3 ways to strengthen security with software supply-chain automation

Automation can give developers confidence in open-source components’ security, licensing and quality.

Federal agencies are striving to become more innovative and iterative, leading to growing adoption of open source within the government. The issuance earlier this year of the Federal Source Code Policy illustrates how this technology, once anathema to government agencies, has become the de facto standard for the creation and deployment of many applications.

With the explosive adoption of open-source components being used to assemble applications, agency personnel are now tasked with ensuring the quality of the components that are being used. Developers must have confidence in components’ security, licensing and quality attributes and know for certain that they are using the latest versions.

However, recent analysis from my company’s 2016 State of the Software Supply Chain report found that one in 16 software components used by development organizations to assemble applications contained at least one known security vulnerability. Just one vulnerable component propagated across thousands of applications can lead to Heartbleed-scale breaches, and a single agency might use as many as 500,000 components per year.  

Combatting such risk is at the root of the National Institute of Standards and Technology’s Risk Management Framework. The RMF requires federal agencies to continually understand, assess, monitor, and document their cybersecurity risks over the lifecycle of the IT assets they procure. It consists of a process that includes system categorization; selection, implementation, and assessment of security controls; and system authorization and monitoring.

Unfortunately, many agencies that are adopting the RMF are also relying on outdated and inefficient practices and tools that are not designed for today’s open and agile world. In addition to relying on potentially vulnerable components to build applications, some agencies have continued to depend too heavily on common application security tools, such as static application security testing and dynamic application security testing.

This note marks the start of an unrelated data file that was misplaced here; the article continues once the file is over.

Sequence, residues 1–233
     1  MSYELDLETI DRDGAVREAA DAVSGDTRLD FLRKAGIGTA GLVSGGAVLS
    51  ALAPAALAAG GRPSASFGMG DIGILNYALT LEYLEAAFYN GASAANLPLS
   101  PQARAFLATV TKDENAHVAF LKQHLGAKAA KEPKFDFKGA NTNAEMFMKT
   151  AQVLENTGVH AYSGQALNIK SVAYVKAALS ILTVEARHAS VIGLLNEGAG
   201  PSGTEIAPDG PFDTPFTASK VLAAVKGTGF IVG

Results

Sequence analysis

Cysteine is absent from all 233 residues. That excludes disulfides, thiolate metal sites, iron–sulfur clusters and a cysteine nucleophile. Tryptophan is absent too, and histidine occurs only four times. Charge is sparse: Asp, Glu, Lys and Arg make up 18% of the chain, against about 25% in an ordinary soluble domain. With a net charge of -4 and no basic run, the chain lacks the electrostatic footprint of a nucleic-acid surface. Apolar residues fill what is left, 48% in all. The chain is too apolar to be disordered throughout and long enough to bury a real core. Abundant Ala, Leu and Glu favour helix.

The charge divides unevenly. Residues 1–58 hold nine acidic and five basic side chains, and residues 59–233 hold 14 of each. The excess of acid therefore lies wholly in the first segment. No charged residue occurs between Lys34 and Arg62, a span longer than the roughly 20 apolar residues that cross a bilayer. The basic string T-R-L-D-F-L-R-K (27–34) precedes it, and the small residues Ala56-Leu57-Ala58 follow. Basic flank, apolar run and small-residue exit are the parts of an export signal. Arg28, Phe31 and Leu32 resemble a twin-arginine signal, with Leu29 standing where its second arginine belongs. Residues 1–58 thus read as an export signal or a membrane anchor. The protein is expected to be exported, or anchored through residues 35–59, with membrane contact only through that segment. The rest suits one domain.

These tools work well for custom code but are ineffective at screening open-source components, which now make up 80 to 90 percent of an application. Even worse, many agencies are also still dependent on manual screening, which can be error-prone, time-consuming and cannot scale to match the pace of component consumption.

Agencies using open-source components can combat these problems by embracing software supply-chain automation, which can help them ensure the software components they are using are secure and remain so throughout every step of the RMF life cycle.

Here are three steps that federal IT professionals can take to monitor their software supply chains and ensure that only the best open-source components make their way into their organizations.

1. Implement an automated firewall. The best protection starts with the creation of a firewall that automatically and continuously blocks substandard components from entering into the software supply chain. This first line of defense should be configured with automated policies that meet NIST security standards for the RMF.

Taking this one step further, federal IT professionals should imbue their firewalls with automated monitoring that allows them to retroactively review the components that may have triggered policy violations. Looking back on historical data can help refine and further strengthen security controls to better prevent similar vulnerabilities.